HBO's Diana Documentary Defends Use of Panorama Clips Condemned by William

The team behind the feature-length HBO documentary of Princess Diana's life story as told through the lens of the media has defended using clips from her polarizing 1995 Panorama interview as " a moment of historical record," despite Prince William saying it should "never be aired again."

The documentary titled The Princess, currently available to stream on HBO Max, has been released to coincide with the 25th anniversary of Diana's death on August 31, 1997 in a high-speed Paris car crash.

A chronological assessment of the media's love/hate relationship with the royal, the documentary provoked a wave of discussion among viewers, many of whom drew comparisons between the treatment of Diana and that of Prince Harry and Meghan Markle.

Included in among the reproduced contemporary news and interview footage are large segments from Diana's 1995 interview with Martin Bashir for BBC's Panorama news show.

The interview delivered many royal bombshells including the princess discussing her husband's extramarital affair with Camilla Parker-Bowles which resulted in the now infamous line "there were three of us in this marriage, so it was a bit crowded."

Princess Diana Documentary
Creators of HBO's "The Princess" have defended the inclusion of clips from Diana's contentious "Panorama" interview from 1995. Princess Diana photographed April 26, 1985. John Shelley Collection/Avalon/Getty Images

An independent inquiry in 2021 into how the interview was obtained found that Bashir had acted in a "deceitful" way after it was revealed that he showed forged bank statements to Diana's brother that undermined his confidence in close staff members and influenced him to introduce his sister to Bashir.

After the inquiry was finished, Prince William issued an unprecedented statement from Kensington Palace, stating that he believed the deceitful way that the interview was obtained influenced what his mother had said. He also said that the interview contributed to the breakdown of his parent's marriage.

"The interview was a major contribution to making my parents' relationship worse and has since hurt countless others," he said. "It brings indescribable sadness to know that the BBC's failures contributed significantly to her fear, paranoia and isolation that I remember from those final years with her."

"It is my firm view that this Panorama program holds no legitimacy and should never be aired again," William added. "It effectively established a false narrative which, for over a quarter of a century, has been commercialized by the BBC and others."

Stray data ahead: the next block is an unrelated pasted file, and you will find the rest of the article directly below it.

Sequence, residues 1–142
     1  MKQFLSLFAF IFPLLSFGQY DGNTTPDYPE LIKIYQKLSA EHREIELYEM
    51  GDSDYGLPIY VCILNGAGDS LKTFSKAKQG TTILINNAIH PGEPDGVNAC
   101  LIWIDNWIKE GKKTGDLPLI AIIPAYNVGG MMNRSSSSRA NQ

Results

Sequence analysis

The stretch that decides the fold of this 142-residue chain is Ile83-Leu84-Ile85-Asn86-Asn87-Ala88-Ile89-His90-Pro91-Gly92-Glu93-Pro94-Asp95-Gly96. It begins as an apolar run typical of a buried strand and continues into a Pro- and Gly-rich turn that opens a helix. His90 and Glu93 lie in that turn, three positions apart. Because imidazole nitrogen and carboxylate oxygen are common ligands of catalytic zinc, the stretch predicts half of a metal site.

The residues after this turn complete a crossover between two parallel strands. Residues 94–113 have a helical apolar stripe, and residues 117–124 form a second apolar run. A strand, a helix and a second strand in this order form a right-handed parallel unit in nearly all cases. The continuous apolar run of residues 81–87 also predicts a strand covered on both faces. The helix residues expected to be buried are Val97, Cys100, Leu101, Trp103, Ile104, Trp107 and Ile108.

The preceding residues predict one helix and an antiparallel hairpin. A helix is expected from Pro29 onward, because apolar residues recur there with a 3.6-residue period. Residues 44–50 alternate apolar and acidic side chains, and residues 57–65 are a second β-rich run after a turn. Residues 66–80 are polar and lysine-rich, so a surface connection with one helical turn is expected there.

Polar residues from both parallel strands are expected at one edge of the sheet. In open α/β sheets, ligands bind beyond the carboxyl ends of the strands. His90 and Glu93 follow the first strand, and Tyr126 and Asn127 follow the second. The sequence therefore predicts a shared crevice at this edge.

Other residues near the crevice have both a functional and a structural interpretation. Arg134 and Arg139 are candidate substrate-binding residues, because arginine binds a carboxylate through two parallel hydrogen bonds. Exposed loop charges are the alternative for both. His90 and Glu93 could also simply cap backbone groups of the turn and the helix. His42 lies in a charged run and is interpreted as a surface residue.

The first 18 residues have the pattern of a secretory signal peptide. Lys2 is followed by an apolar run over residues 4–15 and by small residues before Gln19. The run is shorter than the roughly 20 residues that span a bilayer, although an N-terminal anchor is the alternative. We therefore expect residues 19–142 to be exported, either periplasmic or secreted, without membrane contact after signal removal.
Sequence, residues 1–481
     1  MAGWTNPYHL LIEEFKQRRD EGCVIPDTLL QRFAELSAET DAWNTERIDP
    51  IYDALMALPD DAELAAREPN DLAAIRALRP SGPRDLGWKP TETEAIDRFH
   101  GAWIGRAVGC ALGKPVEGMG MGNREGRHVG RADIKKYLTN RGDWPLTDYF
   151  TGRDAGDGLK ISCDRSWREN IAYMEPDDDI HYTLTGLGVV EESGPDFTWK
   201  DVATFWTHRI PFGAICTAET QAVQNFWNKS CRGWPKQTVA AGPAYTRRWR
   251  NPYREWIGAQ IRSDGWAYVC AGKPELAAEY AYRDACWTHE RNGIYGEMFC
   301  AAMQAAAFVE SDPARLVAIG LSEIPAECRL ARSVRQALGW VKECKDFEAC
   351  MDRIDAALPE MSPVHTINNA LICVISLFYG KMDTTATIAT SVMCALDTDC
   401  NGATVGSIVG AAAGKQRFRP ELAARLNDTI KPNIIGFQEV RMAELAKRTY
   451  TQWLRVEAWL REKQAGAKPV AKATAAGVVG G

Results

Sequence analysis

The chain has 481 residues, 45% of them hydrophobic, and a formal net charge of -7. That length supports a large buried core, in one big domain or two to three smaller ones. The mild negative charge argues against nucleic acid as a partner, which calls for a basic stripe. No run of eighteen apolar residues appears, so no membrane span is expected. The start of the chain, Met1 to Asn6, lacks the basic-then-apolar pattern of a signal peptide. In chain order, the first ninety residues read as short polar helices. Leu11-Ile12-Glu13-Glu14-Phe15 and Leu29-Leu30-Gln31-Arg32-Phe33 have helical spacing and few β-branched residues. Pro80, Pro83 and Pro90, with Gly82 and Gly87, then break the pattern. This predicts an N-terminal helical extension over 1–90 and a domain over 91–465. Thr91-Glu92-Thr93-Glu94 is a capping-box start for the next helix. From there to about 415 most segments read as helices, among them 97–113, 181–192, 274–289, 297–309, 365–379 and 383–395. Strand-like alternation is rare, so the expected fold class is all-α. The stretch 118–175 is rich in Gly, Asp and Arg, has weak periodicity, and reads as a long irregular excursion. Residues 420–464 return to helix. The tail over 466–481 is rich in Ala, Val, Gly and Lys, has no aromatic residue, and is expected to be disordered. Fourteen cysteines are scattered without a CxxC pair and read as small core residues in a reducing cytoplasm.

Prince William Panorama Reaction
Prince William issued an unprecedented statement following the independent inquiry into how the BBC obtained the "Panorama" interview with his mother stating that it should "never be aired again." Jeff J Mitchell - Pool/Getty Images

This effective burying of the interview was confirmed by the BBC in July 2022 when the corporation agreed to pay damages to a former nanny of William and Harry, who was the subject of lurid and untrue rumors that "likely" influenced Diana into agreeing to the interview.

"Now we know about the shocking way that the interview was obtained, I have decided that the BBC will never show the program again; nor will we license it in whole or part to other broadcasters," BBC director-general Tim Davie said after the payout was announced.

Davie did however concede that clips from the interview may be used by the corporation in the future for journalistic purposes but these would be "few and far between" with them being placed in the context of how the interview was obtained.

The use of clips from the interview in The Princess caused considerable comment at the time of the statement from the BBC and after its release on August 13, a spokesperson for the film defended their inclusion.

A statement given to Newsweek on behalf of the film said: "This feature documentary tells the story of Princess Diana exclusively through archive footage from the time, without commentary from today. This interview is shown briefly, in context, as a moment of historical record."

Billed as An Interview with H.R.H The Princess of Wales, the 55-minute interview recorded within the private confines of Diana's Kensington Palace apartment, aired on November 20, 1995.

In the U.K. alone, 23 million viewers tuned in to watch the program and the BBC sold syndication rights around the world as it was hailed the scoop of a generation.

Princess Diana Panorama Interview
Princess Diana's bombshell interview with Martin Bashir for BBC's "Panorama" aired on November 20, 1995 to a U.K. audience of 23 million. © Pool Photograph/Corbis/Corbis via Getty Images

For the princess, the fallout from the interview resulted in Queen Elizabeth II reportedly instructing Prince Charles and his then separated wife to divorce, something that Diana said was a decision she didn't wish to make.

The couple did divorce the following year, by which time serious questions over how her Panorama interview had been obtained had already been raised within the BBC.

After Diana's death in August 1997, the Panorama interview became a record of the princess' unhappiness within the royal institution, something which was mirrored by her son two decades later when he appeared alongside wife Meghan Markle for a tell-all interview with Oprah Winfrey.

Newsweek has reached out to Kensington Palace for comment.

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